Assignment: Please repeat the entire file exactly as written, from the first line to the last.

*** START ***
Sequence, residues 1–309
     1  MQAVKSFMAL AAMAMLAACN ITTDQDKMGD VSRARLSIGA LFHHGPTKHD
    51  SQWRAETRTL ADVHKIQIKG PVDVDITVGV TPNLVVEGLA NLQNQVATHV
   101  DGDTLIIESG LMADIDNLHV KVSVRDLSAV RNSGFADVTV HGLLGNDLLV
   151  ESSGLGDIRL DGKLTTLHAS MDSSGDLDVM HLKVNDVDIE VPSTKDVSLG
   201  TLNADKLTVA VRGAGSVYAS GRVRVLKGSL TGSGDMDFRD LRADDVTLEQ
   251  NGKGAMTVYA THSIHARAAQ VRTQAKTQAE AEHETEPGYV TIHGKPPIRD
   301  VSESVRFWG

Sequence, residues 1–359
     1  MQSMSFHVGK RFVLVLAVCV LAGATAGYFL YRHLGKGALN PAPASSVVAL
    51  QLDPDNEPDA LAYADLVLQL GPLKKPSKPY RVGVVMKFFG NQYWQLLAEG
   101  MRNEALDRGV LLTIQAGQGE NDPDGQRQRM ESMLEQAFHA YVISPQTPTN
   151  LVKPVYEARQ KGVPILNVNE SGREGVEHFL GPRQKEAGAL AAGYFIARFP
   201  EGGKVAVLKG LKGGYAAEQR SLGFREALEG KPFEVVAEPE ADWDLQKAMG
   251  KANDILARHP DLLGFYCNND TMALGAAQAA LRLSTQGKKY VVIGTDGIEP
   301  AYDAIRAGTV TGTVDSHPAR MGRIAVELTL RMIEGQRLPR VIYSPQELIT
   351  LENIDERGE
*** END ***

Sequence, residues 1–309
     1  MQAVKSFMAL AAMAMLAACN ITTDQDKMGD VSRARLSIGA LFHHGPTKHD
    51  SQWRAETRTL ADVHKIQIKG PVDVDITVGV TPNLVVEGLA NLQNQVATHV
   101  DGDTLIIESG LMADIDNLHV KVSVRDLSAV RNSGFADVTV HGLLGNDLLV
   151  ESSGLGDIRL DGKLTTLHAS MDSSGDLDVM HLKVNDVDIE VPSTKDVSLG
   201  TLNADKLTVA VRGAGSVYAS GRVRVLKGSL TGSGDMDFRD LRADDVTLEQ
   251  NGKGAMTVYA THSIHARAAQ VRTQAKTQAE AEHETEPGYV TIHGKPPIRD
   301  VSESVRFWG

Sequence, residues 1–359
     1  MQSMSFHVGK RFVLVLAVCV LAGATAGYFL YRHLGKGALN PAPASSVVAL
    51  QLDPDNEPDA LAYADLVLQL GPLKKPSKPY RVGVVMKFFG NQYWQLLAEG
   101  MRNEALDRGV LLTIQAGQGE NDPDGQRQRM ESMLEQAFHA YVISPQTPTN
   151  LVKPVYEARQ KGVPILNVNE SGREGVEHFL GPRQKEAGAL AAGYFIARFP
   201  EGGKVAVLKG LKGGYAAEQR SLGFREALEG KPFEVVAEPE ADWDLQKAMG
   251  KANDILARHP DLLGFYCNND TMALGAAQAA LRLSTQGKKY VVIGTDGIEP
   301  AYDAIRAGTV TGTVDSHPAR MGRIAVELTL RMIEGQRLPR VIYSPQELIT
   351  LENIDERGE